Princeton senior Wendy Kopp proposed training high-achieving college grads who hadn't majored in education to teach in high-poverty school districts in 1989. Teach for America, the organization she founded on that idea, turned 20 on Saturday and boasts a corps of 8,200 members and 20,000 alumni. Writing in Time, Andrew Rotherman of Eduwonk addresses five myths that continue to surround the organization.
Many of you have asked if next week's lecture by Jacqueline Jones, senior adviser for early learning to Education Secretary Arne Duncan will be webcast and the answer is "Yes." Sponsored by the Edward J. Bloustein School of Planning and Public Policy at Rutgers and NIEER, it takes place Tuesday, Feb. 22 at 3:00 p.m. To view a live webcast, visit http://rutgersdceo.adobeconnect.com/forum. Enter as a guest by typing your name and clicking on "Enter Room." Lectures will be archived at http://policy.rutgers.edu/faculty/curenton.


February 22, 2011

New Brunswick, NJ – Dr. Jacqueline Jones, senior adviser for early learning to Education Secretary Arne Duncan, will talk about the Obama administration’s early childhood agenda.
March 2, 2011 - March 4, 2011
Salt Lake City, UT – Join educators, researchers, policymakers, and administrators for the first annual Early Education and Technology for Children conference.
April 15, 2011 - April 16, 2011
Denver, CO -- This regional conference will offer workshops covering early childhood education topics relevant to teachers, administrators, researchers, health professionals, and policymakers.
May 2, 2011 - May 5, 2011
Greensboro, NC – The National Smart Start Conference is hailed as the nation's largest conference devoted to early education systems and strategies.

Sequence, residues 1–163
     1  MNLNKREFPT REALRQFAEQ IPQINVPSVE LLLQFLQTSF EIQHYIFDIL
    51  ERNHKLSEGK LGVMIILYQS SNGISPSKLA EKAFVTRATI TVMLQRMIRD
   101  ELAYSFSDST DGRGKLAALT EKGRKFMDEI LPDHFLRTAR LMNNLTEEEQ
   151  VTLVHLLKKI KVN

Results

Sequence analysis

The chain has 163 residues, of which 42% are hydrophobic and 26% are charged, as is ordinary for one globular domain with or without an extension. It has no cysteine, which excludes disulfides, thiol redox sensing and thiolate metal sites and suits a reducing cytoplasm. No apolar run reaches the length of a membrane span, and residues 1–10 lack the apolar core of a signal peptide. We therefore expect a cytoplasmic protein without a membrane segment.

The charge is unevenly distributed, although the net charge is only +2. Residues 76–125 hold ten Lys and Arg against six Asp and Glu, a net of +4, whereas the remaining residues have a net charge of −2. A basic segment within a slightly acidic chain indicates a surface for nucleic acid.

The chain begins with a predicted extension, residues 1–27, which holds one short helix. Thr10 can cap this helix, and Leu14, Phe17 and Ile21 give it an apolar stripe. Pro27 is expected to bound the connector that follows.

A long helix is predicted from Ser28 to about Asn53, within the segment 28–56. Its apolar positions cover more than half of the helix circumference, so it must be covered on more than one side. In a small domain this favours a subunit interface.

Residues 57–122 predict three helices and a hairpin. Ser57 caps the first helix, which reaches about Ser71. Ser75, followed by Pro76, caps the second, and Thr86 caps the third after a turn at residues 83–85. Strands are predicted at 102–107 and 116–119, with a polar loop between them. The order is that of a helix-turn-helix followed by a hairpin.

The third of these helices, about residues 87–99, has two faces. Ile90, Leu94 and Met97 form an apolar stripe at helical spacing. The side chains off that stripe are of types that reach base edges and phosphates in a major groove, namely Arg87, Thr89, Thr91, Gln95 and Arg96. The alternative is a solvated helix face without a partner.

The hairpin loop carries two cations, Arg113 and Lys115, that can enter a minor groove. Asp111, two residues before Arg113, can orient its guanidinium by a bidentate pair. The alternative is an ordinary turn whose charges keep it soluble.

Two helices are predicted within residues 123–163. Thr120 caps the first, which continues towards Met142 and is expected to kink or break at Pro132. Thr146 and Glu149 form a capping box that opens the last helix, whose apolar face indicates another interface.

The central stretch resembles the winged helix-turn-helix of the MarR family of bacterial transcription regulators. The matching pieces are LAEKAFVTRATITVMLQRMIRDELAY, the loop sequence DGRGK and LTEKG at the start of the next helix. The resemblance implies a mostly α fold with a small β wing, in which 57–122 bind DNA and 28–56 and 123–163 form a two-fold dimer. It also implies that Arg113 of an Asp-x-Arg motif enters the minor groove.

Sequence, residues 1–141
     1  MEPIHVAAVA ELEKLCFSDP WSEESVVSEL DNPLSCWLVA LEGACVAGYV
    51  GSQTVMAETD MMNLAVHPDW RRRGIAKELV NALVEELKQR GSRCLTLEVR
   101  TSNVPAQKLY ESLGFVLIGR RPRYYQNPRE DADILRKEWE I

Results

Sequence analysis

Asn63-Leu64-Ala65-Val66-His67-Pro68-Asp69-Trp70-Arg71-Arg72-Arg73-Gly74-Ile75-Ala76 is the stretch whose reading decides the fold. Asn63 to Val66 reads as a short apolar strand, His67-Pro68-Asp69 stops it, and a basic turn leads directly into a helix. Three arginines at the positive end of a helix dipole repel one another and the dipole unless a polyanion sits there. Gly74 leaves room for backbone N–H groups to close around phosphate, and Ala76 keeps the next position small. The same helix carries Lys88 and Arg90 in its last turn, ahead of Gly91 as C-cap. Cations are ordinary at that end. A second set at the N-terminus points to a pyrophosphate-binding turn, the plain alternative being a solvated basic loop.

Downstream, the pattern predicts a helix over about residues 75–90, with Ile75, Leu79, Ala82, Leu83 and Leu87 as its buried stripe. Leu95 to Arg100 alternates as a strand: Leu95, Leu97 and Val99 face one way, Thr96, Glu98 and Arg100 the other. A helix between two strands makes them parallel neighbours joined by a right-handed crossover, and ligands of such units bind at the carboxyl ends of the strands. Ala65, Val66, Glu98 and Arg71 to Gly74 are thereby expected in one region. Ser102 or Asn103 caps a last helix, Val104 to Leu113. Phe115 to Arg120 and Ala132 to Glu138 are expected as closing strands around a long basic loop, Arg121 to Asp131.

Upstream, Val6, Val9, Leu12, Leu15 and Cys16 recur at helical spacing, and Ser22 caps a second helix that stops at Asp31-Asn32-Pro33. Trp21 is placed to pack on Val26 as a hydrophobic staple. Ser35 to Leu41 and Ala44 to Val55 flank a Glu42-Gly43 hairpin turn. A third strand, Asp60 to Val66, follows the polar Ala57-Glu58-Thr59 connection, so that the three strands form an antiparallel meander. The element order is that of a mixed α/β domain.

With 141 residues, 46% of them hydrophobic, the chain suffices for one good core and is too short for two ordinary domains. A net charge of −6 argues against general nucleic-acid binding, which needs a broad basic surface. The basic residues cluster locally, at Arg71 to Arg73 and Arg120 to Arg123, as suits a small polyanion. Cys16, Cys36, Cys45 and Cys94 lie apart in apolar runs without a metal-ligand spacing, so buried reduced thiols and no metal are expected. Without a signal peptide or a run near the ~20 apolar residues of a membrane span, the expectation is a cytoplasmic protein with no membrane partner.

July 10, 2011 - July 13, 2011
Orlando, FL – The CAYL Institute will hold its third national conference for elementary school principals in Orlando, Florida.

Early Education News Roundup

February 16, 2011
The Commercial Appeal, Memphis, TN
Although the state is not out of the water yet, some focus has to be directed toward this issue as Tennessee approaches a new budget year. In Memphis alone, at least 1,500 more 4-year-olds could be placed in pre-K classes if an adequate number of slots could be funded.
February 14, 2011
Sioux City Journal, Sioux City, IA
At his weekly news conference, [Gov. Terry] Branstad detailed a $43.6 million preschool proposal that would provide $3,000 scholarships to low-income families who enroll their children in public or private schools. The scholarships would be offered on a sliding-scale based on income so that all parents would pay something for early-childhood education.
February 14, 2011
The Star-Ledger
The plan, submitted to Gov. Chris Christie's office by the Senate Republican caucus, calls for funding only half-day preschools in urban districts and diverting the $300 million saved from the cuts to suburban schools. Under the proposal, districts would also qualify for more state funding if they bus students greater distances or have large populations of senior citizens.